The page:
Observations as Liverpool prove too good for Genk

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The performance wasn’t perfect, but the result certainly wasn’t far off. Liverpool exposed the gulf class in a commanding victory which leaves them well-placed to continue their title defence into the knockout stages.

Stephen Odey’s 88th-minute clean sheet buster proved the only blemish after thirty dazzling second-half minutes.

Revamped midfield showcases its potential

Scores of Liverpool fans on social media greeted the evening’s team news with immense excitement after Jurgen Klopp deployed Fabinho, Alex-Oxlade Chamberlain and Naby Keita for their maiden outing as a trio, and to a considerable degree the combination lived up to the hype.

At the base, Fabinho coped admirably with the additional defensive burden he was bound to shoulder alongside the attack-minded pairing. By enthusiastically carrying out the dirty work, he gave Keita and Oxlade-Chamberlain the freedom they needed to thrive.

Both underlined their capacity for unique contributions. Keita, whilst not at his best, looked as if he could engineer an opportunity almost every time he picked it up in opposition territory, while headline-grabber Oxlade-Chamberlain, more simply, brought goals.

It would arguably be unfair to label the lack of goals within the Reds’ customary midfield a weakness, for that would indicate a misunderstanding of their role, but it seems as if Ox could bring a different dimension.

His first strike may have crept past the out-of-position ‘keeper even without the slight defection, and the second was… well, pick your adjective. I’ll go with sumptuous, though honestly I’m not sure that does the arrogant outside-of-the-boot masterpiece justice.

Oxlade-Chamberlain is much more likely to go for goal than the usual starters, and on numerous occasions now he has spectacularly found the net. There’s definite potential in this alternative midfield.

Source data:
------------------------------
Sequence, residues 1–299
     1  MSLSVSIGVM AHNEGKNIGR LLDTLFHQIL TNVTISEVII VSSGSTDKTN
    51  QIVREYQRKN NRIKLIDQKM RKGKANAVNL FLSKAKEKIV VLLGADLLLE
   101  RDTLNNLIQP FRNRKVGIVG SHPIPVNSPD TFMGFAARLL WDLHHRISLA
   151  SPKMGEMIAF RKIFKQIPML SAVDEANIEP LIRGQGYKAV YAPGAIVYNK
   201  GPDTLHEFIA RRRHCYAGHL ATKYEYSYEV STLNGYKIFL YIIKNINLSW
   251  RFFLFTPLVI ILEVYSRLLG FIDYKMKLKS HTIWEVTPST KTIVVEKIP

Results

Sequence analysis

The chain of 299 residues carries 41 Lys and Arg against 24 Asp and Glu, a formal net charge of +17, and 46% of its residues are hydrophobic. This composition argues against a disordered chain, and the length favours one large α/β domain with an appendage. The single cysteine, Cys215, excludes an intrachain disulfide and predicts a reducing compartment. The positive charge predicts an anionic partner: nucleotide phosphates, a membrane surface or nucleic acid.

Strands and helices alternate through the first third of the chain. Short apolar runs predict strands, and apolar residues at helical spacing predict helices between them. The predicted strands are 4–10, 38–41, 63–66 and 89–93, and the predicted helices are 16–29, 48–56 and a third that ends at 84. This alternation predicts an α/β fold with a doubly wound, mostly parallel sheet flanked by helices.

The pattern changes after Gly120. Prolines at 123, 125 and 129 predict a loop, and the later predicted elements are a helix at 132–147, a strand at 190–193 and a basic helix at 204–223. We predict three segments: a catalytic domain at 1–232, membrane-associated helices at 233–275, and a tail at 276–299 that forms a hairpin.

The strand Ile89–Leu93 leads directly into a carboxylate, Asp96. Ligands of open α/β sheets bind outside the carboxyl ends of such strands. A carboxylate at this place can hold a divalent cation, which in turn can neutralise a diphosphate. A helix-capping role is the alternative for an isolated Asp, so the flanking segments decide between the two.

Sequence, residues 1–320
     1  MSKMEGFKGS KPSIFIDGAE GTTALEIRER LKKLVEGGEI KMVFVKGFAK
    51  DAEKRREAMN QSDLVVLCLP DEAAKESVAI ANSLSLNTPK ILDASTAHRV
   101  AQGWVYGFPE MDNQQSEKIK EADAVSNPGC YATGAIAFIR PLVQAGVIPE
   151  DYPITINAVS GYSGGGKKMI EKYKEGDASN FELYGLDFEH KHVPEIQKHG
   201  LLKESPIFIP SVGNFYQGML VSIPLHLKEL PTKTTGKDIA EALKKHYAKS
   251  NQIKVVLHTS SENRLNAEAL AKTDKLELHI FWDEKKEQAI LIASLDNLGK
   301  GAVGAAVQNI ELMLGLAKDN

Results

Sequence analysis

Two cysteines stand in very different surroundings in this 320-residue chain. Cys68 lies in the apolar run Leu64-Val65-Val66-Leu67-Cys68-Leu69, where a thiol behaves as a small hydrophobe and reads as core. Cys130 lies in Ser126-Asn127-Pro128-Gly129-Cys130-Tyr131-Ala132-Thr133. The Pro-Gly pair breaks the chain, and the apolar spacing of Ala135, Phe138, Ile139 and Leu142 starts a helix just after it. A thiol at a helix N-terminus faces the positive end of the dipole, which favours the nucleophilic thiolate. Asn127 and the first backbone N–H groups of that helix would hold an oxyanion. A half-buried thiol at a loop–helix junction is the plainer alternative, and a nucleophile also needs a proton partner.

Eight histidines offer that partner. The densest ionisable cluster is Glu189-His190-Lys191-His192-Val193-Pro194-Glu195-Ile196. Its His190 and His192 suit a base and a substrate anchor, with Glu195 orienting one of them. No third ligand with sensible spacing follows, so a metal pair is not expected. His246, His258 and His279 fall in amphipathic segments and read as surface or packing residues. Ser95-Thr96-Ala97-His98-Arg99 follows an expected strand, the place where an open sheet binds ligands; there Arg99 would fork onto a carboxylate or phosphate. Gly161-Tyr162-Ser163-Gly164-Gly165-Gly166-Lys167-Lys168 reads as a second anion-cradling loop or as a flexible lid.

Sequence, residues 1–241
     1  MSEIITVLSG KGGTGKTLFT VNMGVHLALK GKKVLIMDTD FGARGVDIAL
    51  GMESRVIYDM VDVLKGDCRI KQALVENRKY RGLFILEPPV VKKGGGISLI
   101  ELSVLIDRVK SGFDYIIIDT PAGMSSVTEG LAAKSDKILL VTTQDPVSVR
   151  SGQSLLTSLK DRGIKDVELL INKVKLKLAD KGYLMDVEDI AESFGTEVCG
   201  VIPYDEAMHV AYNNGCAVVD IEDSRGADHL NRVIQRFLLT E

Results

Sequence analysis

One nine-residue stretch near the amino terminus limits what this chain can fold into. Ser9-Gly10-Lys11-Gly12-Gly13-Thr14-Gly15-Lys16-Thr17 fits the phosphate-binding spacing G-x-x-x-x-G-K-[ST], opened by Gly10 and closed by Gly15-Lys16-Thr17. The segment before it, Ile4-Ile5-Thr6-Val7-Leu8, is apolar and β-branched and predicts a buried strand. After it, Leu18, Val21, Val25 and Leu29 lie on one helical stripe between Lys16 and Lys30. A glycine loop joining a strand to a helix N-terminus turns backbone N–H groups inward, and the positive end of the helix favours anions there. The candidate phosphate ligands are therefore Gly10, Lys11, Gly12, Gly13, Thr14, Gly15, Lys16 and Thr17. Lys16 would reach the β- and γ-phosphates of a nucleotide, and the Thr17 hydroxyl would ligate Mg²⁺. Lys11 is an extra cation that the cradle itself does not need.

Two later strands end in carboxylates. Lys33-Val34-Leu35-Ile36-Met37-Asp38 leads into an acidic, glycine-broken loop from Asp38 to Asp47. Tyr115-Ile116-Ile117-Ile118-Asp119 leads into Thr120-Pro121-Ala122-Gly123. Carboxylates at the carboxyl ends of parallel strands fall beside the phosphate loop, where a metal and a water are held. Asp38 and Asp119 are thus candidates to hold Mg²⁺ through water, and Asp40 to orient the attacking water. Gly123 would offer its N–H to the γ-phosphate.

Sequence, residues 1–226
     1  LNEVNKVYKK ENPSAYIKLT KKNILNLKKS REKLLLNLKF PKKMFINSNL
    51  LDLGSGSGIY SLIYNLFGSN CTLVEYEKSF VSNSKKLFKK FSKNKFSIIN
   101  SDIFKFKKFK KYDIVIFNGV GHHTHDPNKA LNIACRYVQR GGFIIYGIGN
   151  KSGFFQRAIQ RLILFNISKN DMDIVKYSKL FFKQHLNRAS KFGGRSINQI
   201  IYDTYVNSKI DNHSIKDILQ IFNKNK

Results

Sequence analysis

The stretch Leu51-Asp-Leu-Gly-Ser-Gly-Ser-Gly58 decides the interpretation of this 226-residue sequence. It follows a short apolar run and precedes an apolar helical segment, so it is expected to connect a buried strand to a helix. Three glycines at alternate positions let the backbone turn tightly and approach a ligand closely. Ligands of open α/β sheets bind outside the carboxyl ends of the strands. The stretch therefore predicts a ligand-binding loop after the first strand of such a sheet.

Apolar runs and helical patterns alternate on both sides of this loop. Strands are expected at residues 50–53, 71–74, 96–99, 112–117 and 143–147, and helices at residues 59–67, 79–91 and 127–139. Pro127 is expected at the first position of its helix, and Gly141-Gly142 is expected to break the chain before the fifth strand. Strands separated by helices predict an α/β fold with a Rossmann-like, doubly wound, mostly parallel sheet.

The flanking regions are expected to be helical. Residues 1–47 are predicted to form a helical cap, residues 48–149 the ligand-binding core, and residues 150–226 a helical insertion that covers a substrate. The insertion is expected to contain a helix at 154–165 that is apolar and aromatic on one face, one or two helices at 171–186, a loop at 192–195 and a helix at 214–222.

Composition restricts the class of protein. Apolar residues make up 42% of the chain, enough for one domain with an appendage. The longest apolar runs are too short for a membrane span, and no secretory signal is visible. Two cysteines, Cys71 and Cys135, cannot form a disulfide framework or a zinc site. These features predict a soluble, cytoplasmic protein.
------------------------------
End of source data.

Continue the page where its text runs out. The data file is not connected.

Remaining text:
Salah’s off-night ends with a selfless sparkle

For about 75 minutes, Mohamed Salah looked way off the pace, perhaps indicating the ankle injury he picked up against Leicester was slightly more serious than believed.

But in an instant, he came alive. First, there was a measured assist for Sadio Mane, who made it three with a composed dink, and then he added a fourth in vintage fashion, maneuvering his way into space through strength and skill before sliding the ball home via the post. Mane had turned provider, delighting any Reds still harbouring concerns about intra-team friction.

Salah has yet to hit his extraordinary heights this season but has now scored seven and teed-up four in 13 matches. As ever, the doubters can’t argue with the figures. And after getting 90 under his belt, he should be nearing maximum sharpness at the weekend – a daunting prospect for a Spurs side he has tormented in the past.

Reds defence failing to kick-on

In the grand scheme of things, the loss of the clean sheet a couple of minutes from time is nothing more than a ‘luxury annoyance’. Shutouts have been few and far between for the Reds this season but their under-performing backline shouldn’t be a cause for concern.

Alisson, the best goalkeeper on the planet last season and a figure whose influence extends far beyond shot-stopping, has only just returned, and the defence fielded in Belgium, in the absence of Joel Matip and Trent Alexander-Arnold, was makeshift. Our best back-five should be reinstated at the weekend and with each game they’ll likely edge closer to top form, regaining their rhythm and improving a record which, in the Premier League, only one team can match.

The principal frustration at this stage is that Liverpool don’t look likely to surpass, or indeed match, the mighty defensive benchmark they set last season, when the ever-present Alisson took domestic and continental Golden Gloves. At the very top level, you want to see a certain relentlessness.

Group stage away hoodoo banished?

They may have reached two successive finals, but this was Liverpool’s first win on the road in the Champions League group stage since October 2017 when they annihilated Maribor. Since then, they had drawn one and lost four.

At last Klopp’s men showed their quality and took their chances, rendering one or two jitters at the other end meaningless. The display was slightly rough around the edges, but in games like these it’s only really the final outcome that matters.

Now Liverpool have something resembling a blueprint for their trip to Salzburg on Matchday Six, albeit in the knowledge that they will have to be tighter defensively.

That game should now be about nothing more than sealing top spot. Tonight’s victory was crucial in carving the path to qualification ahead of two games at Europe’s greatest fortress.

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